Annistyn Rackley was an outgoing and energetic 9-year-old who didn’t let a rare liver condition prevent her from the activities she loved: swimming, dancing and cheerleading, her great-aunt Sandra Hooker said.
The girl delighted in donning outfits and makeup for cheer competitions and would frequently do cartwheels and the splits in front of family members.
“I would just gasp because she could do the splits all the time, and she would just laugh,” Hooker recalled. “She loved dancing.”
Annistyn was among at least 92 people who were confirmed dead across multiple states after more than 40 tornadoes pummeled a wide area Dec. 10. The victims included grandmothers, veterans and in some cases, multiple members of a single family. On one street in Bowling Green, Kentucky, 12 people died — eight of them children. Seven of the 12 were members of one family. Their grief-stricken neighbors are surrounded by ruins that include countless children’s toys.
The sudden bereavement has left loved ones reeling and clinging to memories. Katie Fields said she doesn’t want her father, 60-year-old Carl Hogan, of Dawson Springs, Kentucky, remembered as “the guy who died in the tornado.” Hogan loved to fish and loved his green Chevrolet truck, she said, and he was a fan of the TV show “Yellowstone.” His four grandchildren “were his world,” she said, and Hogan was a “fantastic” father.
“He was religious but it was a quiet, private faith,” Fields said. “He was truly just a good man.”
Hogan was “incredibly devoted” to his wife of 41 years, and he was looking forward to getting her back home following a stay in a hospital and nursing home that began in February, Fields said.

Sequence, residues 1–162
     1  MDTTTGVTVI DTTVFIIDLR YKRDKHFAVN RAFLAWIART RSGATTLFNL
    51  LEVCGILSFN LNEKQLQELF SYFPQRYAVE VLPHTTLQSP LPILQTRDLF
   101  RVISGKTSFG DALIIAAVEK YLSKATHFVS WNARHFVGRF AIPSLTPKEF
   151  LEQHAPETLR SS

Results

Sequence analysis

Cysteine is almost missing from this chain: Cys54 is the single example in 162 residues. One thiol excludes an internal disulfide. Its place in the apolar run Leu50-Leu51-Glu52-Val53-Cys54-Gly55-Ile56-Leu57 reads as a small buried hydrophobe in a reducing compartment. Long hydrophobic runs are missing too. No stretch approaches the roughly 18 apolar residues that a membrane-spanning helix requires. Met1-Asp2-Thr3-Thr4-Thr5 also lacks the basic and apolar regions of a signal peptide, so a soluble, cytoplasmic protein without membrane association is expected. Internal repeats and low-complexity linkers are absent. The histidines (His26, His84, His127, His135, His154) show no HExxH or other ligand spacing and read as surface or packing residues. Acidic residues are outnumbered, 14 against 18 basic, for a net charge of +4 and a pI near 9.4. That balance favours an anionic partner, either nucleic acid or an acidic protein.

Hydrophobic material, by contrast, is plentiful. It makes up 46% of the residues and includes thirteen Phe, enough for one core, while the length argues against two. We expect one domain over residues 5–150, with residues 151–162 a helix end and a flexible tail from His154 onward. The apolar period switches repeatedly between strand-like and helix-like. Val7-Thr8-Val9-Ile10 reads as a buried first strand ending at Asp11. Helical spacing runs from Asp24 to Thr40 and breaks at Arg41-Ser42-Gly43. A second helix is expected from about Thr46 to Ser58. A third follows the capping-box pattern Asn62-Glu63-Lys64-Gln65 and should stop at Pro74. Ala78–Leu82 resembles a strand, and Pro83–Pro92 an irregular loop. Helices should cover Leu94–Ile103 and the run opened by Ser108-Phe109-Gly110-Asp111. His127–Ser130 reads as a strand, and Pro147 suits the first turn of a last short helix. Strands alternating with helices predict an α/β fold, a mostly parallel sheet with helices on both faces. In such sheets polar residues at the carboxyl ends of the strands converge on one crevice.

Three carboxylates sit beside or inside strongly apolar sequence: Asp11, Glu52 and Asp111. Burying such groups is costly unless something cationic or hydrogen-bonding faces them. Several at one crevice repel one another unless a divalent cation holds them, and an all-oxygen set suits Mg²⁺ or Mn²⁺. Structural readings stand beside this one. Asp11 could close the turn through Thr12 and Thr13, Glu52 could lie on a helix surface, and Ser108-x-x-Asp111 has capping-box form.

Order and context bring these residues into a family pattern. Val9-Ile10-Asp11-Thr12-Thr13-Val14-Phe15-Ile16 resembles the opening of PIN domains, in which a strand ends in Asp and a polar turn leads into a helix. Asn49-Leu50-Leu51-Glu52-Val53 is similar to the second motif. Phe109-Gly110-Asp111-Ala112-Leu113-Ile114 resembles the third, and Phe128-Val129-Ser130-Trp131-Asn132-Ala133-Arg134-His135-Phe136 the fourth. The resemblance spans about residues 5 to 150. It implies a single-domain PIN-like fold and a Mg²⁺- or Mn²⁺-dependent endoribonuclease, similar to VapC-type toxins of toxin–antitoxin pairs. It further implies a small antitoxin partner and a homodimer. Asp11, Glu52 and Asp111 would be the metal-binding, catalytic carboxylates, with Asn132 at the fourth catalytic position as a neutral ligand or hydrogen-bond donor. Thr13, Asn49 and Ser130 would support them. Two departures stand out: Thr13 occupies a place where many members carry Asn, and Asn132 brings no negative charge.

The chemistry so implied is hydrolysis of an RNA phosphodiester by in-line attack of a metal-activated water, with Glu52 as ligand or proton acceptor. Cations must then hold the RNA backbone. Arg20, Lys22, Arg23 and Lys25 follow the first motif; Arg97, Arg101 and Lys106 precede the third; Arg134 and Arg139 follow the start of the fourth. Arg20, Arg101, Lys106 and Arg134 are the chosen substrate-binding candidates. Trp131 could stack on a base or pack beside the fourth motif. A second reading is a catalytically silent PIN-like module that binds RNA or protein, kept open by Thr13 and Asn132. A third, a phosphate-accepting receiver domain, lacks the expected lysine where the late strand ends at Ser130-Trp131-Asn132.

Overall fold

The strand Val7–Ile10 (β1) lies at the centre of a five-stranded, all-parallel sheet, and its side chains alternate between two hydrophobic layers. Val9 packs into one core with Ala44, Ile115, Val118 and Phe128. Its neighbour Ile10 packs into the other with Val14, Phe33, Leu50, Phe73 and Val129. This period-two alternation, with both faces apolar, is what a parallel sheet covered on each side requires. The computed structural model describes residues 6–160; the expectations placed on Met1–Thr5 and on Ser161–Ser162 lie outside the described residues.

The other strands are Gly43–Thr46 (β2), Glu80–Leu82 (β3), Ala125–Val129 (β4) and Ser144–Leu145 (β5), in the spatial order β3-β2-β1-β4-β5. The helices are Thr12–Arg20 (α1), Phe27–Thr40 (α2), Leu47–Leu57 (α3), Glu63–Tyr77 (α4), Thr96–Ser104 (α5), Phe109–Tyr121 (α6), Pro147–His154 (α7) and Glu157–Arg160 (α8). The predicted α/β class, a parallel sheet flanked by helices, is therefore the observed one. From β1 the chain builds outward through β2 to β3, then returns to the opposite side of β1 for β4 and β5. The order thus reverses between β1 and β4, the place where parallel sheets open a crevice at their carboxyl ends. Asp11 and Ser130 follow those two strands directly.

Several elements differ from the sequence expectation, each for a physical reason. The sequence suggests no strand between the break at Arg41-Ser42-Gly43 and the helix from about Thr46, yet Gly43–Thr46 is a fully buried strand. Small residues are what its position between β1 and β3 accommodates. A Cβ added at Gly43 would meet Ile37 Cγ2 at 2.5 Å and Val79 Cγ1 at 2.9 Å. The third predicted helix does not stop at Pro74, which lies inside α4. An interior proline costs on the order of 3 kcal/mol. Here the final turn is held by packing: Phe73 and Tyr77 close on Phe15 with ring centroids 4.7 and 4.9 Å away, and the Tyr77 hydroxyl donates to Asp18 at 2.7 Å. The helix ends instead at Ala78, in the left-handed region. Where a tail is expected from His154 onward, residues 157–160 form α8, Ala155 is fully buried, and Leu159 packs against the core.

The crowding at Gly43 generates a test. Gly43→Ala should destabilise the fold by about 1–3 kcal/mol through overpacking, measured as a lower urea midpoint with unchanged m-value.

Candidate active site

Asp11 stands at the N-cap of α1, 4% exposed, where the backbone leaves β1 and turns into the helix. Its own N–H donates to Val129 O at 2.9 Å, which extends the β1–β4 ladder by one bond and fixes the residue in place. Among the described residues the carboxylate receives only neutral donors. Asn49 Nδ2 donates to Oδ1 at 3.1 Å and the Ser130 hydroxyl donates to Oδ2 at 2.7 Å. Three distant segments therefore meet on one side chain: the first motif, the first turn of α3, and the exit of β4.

Elsewhere in Dawson Springs, Jason Cummins has been combing through the debris of the home his mother Marsha Hall and her sister Carole Grisham shared, keeping anything still intact — a key, a doorknob — that might remind him of them.
Hall, 72, and Grisham, 80, were referred to simply as “the sisters” around Dawson Springs, friend Jenny Beshear Sewell said. They were often in each other’s company and had lived in the same home for years, according to Cummins.
“They really just took care of each other,” said Cummins, 43. “It was always the two of them. They were best friends.”
Cummins said he texted his aunt and mother “good morning” and told them he loved them every day. On the day of the storm, he added that they should “watch the weather.” He was tracking the storm on Facebook that night and told Hall to get Grisham and go to the hallway.
“She said, ‘I cleaned out the closet in case I need to get in there.’” Cummins recalled. “She said, ‘I love you.’ She texted each of my siblings and said she loved them.”
Cummins said he texted later but didn’t hear back. A tornado had wiped out the home.
Cummins said among the debris, he found his mom’s purse with cash she had taken out of the bank to hand out at Christmas.
“I don’t know how it’s going to feel the day when I don’t come up here and look for something,” he said. “That’s when I think it will hit me.”
Annistyn, her parents and her two younger sisters took shelter Friday night in a windowless bathroom in their new home west of Caruthersville, Missouri. To prove they’d gotten to the family’s “safe space,” the girls’ mom texted Hooker a photo of the three girls in and next to the bathtub — all of them smiling, Annistyn holding her favorite doll.
Fifteen minutes later, Hooker said, a tornado splintered the home, carrying the family members dozens of yards through the air into a field where first responders found them in mud. Annistyn died, and the others were injured.
Annistyn’s parents learned when she was 2 months old that she had a rare liver disorder in which bile ducts don’t develop properly, sometimes making it hard to fight off illness, according to Hooker. The two had become close over the past four years: Hooker offered the girl support during doctor’s visits and blood draws.
She called Annistyn a “special angel.”
Associated Press writer Jeffrey Collins contributed to this report.